Odd as this may sound, there are some scholars who are researching the poetry of the Taliban. This excellent article /review of the book pictured above from the online journal Himal is worthy of being read.
I hesitated to upload this link or even refer to the fact that the Taliban might have some redeeming qualities, especially since I’ve spent some time in recent days participating in a round table titled, The Role of Afghan Women in Afghanistan Post 2014. A key theme, indeed, the very reason for the roundtable, which was hosted by the University of Melbourne (Australia), Oxfam, Amnesty International and the Afghan Australian Development Organisation (ADDO), was to address the existential fear of many (should I say most) Afghans about a return to a society dominated by the Taliban after the international forces retreat in 2014.
I’ve been in Afghanistan during the times of the Taliban and have no love for their grim, sterile, black and white vision of humanity, society or God. Like many at the conference this week, I sincerely hope the Afghan people are able to develop without a return to those dark years.
But curiosity and a sense (perhaps naive) of hope has made me return to Harmonium with a new post about this amazing (to be me at least) phenomenon. Poetry and Taliban are not two words that go easily or naturally together. Add to that poetry that is sung and it is even stranger. In the end, I decided to share this link and a sample of some of this poetry because Harmonium is all about South Asian music. Of all sorts. And by all kinds of ‘artists’.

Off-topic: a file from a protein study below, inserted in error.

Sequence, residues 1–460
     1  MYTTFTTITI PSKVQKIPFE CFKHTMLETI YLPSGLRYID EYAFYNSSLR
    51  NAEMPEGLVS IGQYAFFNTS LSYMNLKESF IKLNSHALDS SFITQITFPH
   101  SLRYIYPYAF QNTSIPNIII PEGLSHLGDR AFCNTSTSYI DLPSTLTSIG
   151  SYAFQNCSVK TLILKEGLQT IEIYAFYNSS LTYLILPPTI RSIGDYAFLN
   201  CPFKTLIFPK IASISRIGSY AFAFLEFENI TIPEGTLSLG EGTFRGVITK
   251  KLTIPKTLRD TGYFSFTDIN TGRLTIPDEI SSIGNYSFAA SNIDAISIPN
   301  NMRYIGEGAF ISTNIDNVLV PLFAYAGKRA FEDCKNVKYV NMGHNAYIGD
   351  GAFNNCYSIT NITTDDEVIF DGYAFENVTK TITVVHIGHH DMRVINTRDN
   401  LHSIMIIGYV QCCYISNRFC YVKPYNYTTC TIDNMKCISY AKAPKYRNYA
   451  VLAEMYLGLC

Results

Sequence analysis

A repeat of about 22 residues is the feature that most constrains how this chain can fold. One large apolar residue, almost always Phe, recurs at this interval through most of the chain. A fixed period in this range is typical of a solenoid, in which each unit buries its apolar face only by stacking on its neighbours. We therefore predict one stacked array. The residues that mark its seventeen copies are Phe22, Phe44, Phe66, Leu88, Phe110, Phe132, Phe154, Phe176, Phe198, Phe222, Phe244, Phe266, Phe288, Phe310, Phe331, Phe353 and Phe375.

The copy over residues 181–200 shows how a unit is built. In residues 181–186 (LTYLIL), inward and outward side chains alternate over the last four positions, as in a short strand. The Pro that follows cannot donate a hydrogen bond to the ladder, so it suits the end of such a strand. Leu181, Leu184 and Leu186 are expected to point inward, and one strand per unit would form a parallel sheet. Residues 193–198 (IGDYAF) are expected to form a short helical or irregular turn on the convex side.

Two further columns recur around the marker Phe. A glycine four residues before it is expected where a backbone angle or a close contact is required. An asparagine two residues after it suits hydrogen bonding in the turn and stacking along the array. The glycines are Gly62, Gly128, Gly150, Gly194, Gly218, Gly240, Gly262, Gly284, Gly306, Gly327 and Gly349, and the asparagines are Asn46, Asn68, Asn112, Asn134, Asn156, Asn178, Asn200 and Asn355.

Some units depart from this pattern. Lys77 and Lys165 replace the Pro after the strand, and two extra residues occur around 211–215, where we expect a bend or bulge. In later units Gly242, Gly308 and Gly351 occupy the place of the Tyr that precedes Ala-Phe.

I am aware (and not necessarily comfortable with) of the opening this gives to criticism that I am promoting the cruel and anachronistic. Giving air to a phenomenon that should be suffocated. I can understand that. But I am also sympathetic to the view that all views should be heard, and in this case, I think it is nothing short of remarkable that we are able to ‘listen’ into what the Taliban do when they are sitting around a campfire, far from home. These tarana give an insight into the ‘normal’ side of their psyche and suggest that perhaps everyone is within the reach of redemption. For one cannot easily listen to, let alone compose or sing poetry without have some sort of heart.
But in any case, here is a sample of a Taliban Tarana.